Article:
The company also already has conducted multiple recent face-to-face discussions with Robert Bigelow of Bigelow Aerospace and Christian Maender of Axiom Space regarding deploying research systems such as the Techshot RCF-QL aboard their respective private commercial orbiting vehicles. Techshot also will commercialize the RCF-QL by incorporating it into the company’s spaceflight service catalog it markets to other federal agencies such as NIH, NSF, and DoD.

Technology Taxonomy Mapping

  • Biological (see also Biological Health/Life Support)
  • Biophysical Utilization
  • Machines/Mechanical Subsystems
  • Medical
  • Physiological/Psychological Countermeasures

  • therealdmt

    Good. I only wish someone had started in on this sooner

  • redneck

    Sooner as in decades ago. The shape of the curve is important for serious long term operations.

  • perilun

    Good project. A major long term issue for humanity will be the min-g to prevent long term human physical problems. A variable gravity human facility (its own small space station) would be nice for running some folks at a certain level for a year. I would make sure that 1/4-g does not create long term issues … otherwise Mars would need to be a visit not a stay. Given that a lunar base is close enough for annual rotations we can simply see what happens in 1/6-g there. In any case the min-g would be needed for sizing artificial gravity radius and rotation speed – this could lead to some real mass implications for 2050+ timeframe spacecraft.

  • newpapyrus

    Absolutely agree. Should have been done back in the 1980s.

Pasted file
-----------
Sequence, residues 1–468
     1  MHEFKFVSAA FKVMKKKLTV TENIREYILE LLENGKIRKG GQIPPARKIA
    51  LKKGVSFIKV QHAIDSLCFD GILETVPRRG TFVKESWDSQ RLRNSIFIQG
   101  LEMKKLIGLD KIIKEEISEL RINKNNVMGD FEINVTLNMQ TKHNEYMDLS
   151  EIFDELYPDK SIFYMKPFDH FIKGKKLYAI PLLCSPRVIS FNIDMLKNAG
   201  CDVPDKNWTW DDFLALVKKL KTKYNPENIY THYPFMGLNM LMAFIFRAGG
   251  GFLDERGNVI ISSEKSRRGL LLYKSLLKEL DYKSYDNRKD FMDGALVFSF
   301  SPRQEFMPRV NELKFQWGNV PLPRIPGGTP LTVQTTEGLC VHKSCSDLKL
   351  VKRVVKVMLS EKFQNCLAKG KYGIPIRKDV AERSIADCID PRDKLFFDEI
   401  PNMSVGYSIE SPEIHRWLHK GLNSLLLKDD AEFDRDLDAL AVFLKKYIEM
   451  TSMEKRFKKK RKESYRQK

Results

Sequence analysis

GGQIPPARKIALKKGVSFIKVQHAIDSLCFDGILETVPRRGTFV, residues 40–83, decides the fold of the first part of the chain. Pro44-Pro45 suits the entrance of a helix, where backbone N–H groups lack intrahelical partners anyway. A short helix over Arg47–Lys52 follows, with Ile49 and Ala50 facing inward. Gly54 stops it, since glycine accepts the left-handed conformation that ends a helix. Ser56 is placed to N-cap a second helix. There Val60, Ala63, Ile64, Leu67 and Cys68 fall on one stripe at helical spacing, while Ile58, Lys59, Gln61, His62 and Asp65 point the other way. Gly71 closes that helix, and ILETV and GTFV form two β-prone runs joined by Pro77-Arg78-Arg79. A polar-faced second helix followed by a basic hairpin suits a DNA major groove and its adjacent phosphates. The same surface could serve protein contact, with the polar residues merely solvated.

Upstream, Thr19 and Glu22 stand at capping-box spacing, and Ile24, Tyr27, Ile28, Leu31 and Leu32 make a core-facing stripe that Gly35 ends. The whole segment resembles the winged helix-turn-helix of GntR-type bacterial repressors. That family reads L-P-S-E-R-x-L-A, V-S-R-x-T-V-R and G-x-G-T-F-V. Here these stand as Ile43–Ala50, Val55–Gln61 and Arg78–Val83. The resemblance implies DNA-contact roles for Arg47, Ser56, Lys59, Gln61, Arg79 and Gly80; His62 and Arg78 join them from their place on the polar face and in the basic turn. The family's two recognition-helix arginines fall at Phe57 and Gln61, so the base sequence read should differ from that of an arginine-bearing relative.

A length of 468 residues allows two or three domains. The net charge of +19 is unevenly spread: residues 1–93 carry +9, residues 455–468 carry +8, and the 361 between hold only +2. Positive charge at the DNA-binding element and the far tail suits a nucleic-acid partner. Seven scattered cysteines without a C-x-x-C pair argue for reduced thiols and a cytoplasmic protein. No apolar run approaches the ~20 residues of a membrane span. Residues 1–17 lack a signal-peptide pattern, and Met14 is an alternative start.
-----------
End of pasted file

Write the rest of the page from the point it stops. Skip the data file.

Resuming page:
Marcel

  • ThomasLMatula

    Yes, hope they get it finished while the ISS is still in orbit.

  • windbourne

    Fund this. Asap.
    The Japanese had a centrifuge that was supposed to go up there, but W killed it. Yet, this is the single most important reason for the ISS. We need to know what will happen on the moon and mars.

  • Paul_Scutts

    If we humans want to be anywhere away from the Earth long term, then this research is singularly one of the most important that needs to be conducted. It needs to be extended to be multi-generational. I’d be very interested in how they plan to dampen miscellaneous vibration caused by constantly shifting centre of mass.

  • Robert G. Oler

    ISS will be in orbit for a long time

  • windbourne

    I would guess that they will either weight each end enough that rat/mouse will not matter, or simply adjust other end ( same mass and then move it in and out ).

  • Terry Stetler

    A key research target should be mammalian reproductive success at Moon, Mars and Titan gravity levels.

  • duheagle